United Nations Secretary-General António Guterres wrote a letter to all of the permanent representatives to the U.N. in New York earlier this month, updating them on his management and reform agenda.
A number of these initiatives are still in development and awaiting conclusions of various advisory teams or issuing of final reports and, thus, are hard to evaluate at this time.
This is not the case, however, for the secretary-general’s new whistleblower policy. The letter states:
In January, we strengthened whistleblower protection to boost openness, transparency, and fairness. Enhanced safeguards are now available for individuals who report misconduct or cooperate with duly authorized audits or investigations. I have directed an internal working group to examine how these efforts could be further expanded to cover consultants and individual contractors. The working group will submit its recommendations to me by 30 June 2017.
The secretary-general issued his new whistleblower policy in January. While different in some respects to the previous policy, the new policy remains flawed beyond the issue of coverage for consultants and individual contractors.
Peter Gallo, former U.N. Office of Internal Oversight Services investigator, concluded that the new whistleblower policy would not have made substantive differences in the treatment of past whistleblower cases.
In particular, the Ethics Office retains discretion over whether to grant protection or allow cases to move forward. This is troubling considering evidence that the Ethics Office was compromised in the situation involving retaliation against Anders Kompass after he informed the French government of sexual abuse by peacekeepers—some from France—in the Central African Republic.
The failure to adequately reform the U.N. whistleblower policy could have substantial financial consequences for the U.N.
Legislation first enacted in 2015 requires the U.S. to withhold 15 percent of contributions to individual U.N. organizations, departments, and agencies unless the secretary of state reported to the committees on appropriations that the organization, department, or agency is “effectively implementing and enforcing policies and procedures which reflect best practices … for the protection of whistleblowers from retaliation.”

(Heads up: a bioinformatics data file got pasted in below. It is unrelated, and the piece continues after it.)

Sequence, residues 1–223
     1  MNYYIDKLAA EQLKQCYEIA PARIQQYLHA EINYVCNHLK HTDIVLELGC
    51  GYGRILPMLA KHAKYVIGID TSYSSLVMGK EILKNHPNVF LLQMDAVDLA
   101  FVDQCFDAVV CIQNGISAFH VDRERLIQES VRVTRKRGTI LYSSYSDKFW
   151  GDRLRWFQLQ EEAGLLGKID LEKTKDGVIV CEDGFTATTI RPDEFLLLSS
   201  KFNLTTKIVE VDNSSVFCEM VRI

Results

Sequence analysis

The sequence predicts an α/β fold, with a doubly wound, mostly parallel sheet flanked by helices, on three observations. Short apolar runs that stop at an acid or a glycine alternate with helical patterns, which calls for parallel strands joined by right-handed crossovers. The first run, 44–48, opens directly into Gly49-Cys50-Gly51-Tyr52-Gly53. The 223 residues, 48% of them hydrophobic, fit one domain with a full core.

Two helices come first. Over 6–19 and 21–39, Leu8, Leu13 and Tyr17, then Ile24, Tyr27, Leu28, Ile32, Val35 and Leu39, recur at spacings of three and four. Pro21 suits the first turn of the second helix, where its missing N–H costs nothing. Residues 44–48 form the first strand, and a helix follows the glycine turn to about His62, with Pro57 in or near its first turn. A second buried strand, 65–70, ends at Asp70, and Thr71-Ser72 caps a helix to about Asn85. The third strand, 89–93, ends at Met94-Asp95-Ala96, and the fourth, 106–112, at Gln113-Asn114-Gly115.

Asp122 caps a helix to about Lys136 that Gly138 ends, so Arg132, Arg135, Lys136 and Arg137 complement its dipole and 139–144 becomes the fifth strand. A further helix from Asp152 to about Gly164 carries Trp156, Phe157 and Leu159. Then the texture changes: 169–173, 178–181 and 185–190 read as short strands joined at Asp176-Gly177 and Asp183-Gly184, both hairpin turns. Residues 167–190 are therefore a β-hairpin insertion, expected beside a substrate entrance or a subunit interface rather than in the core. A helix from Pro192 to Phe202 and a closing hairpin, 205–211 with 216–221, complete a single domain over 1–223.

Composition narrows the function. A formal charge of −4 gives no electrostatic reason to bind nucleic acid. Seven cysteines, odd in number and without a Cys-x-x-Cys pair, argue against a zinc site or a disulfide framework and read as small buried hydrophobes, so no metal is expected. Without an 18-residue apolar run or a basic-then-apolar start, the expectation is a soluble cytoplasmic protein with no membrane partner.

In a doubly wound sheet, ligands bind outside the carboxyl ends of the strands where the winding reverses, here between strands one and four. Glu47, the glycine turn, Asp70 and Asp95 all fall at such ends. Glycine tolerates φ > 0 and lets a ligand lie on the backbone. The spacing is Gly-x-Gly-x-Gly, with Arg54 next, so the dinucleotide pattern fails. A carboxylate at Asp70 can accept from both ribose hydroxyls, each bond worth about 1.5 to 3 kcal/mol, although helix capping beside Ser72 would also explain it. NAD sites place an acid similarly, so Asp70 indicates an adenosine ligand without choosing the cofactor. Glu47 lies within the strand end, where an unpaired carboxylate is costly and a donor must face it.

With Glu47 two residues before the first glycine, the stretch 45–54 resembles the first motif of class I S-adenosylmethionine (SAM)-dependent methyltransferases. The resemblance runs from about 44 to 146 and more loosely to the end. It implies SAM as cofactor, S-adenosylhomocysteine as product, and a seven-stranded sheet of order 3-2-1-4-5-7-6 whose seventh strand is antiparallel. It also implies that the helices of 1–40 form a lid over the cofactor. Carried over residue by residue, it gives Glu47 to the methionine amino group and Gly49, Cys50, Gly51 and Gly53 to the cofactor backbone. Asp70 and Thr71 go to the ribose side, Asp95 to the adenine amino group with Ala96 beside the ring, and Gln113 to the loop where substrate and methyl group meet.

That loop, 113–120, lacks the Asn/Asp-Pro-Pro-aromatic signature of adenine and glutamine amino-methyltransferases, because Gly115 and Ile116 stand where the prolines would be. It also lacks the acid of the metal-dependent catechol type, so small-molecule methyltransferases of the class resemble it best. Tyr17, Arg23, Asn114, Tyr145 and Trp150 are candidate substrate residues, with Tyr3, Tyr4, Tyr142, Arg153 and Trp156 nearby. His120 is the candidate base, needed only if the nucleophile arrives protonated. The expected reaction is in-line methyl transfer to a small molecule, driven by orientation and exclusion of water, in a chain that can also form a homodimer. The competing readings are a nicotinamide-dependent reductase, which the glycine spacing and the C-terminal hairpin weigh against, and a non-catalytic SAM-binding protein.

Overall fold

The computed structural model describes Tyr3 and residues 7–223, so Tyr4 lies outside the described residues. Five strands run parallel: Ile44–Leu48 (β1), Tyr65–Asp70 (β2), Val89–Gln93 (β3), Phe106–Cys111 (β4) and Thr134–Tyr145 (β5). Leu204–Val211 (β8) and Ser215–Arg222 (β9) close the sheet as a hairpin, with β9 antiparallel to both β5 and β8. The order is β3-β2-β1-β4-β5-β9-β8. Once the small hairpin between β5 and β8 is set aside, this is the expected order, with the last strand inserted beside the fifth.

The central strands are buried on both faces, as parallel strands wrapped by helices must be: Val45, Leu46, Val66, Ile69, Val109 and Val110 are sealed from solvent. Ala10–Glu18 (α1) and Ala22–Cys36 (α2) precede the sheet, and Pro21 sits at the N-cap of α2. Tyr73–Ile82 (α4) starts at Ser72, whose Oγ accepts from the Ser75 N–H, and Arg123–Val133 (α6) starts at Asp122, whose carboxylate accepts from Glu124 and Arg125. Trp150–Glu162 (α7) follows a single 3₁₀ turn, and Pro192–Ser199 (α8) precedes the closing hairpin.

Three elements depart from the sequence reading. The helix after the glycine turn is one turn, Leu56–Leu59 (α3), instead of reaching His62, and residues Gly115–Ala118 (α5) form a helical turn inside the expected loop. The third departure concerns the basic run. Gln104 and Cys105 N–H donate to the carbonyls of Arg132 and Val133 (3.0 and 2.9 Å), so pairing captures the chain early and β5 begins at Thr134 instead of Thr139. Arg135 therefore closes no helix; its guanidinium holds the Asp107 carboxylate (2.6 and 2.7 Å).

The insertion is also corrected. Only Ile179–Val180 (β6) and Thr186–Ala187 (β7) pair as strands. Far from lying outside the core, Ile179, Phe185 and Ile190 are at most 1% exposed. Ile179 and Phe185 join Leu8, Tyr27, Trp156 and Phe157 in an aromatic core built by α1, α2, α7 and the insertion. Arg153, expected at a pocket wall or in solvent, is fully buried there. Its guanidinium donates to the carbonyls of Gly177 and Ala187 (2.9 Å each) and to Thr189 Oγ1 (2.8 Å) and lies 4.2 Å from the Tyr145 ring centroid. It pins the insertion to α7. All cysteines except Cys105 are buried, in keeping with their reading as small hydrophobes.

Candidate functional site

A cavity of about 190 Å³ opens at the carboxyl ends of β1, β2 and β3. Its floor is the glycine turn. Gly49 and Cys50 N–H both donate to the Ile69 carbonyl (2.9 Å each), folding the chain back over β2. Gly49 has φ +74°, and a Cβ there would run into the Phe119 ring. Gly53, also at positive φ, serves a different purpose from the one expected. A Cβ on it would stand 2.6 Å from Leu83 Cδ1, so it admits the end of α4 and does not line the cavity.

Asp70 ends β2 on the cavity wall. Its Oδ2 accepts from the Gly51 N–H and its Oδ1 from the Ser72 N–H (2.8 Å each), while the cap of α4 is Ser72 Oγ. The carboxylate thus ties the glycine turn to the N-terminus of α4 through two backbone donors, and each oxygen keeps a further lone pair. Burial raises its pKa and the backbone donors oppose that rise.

The recent omnibus appropriations bill for fiscal year 2017 included this language.
Former Secretary of State John Kerry reported that the U.N. met the whistleblower standards in the law. He asserted this despite evidence of retaliation and the fact that the U.N. does not allow whistleblowers access to independent external arbitration as specified in the law.
The Trump administration will issue its own determination this summer, but as things stand, it is clear that Guterres’ policy does not meet the requirements outlined in law, particularly access to independent external arbitration.
The new policy does, in cases of conflict of interest on the part of the director of the Ethics Office, mention the possibility for a referral to an alternative reviewing body. The only specific possibility cited was the alternate chair of the ethics panel of the United Nations, i.e. another internal option. Likewise, the possibility of an alternative investigating mechanism is mentioned, albeit without specific examples, if the U.N. Office of Internal Oversight Services has a conflict of interest.
However, neither example specifically states that the alternative could be external. Combined with a previous statement by Office of the Chef de Cabinet of the Secretary-General that external arbitration would be “in contravention of the legal framework established by the General Assembly,” one can only assume that the secretary-general’s new policy does not provide an option for independent external arbitration and, thus, is inconsistent with the requirements established by Congress.
The secretary-general has time to direct his internal working group to propose additional changes to meet this standard. If his new policy does offer the possibility of external arbitration, he should make this explicit and list those options. If not, he should direct his working group to incorporate external arbitration into his protection against retaliation policy.
Not only would this enhance protections for U.N. whistleblowers, which provide a valuable service to the organization and the member states, but it would also demonstrate to the U.S. that he is determined to pursue changes that would comply with congressional standards and avoid withholding.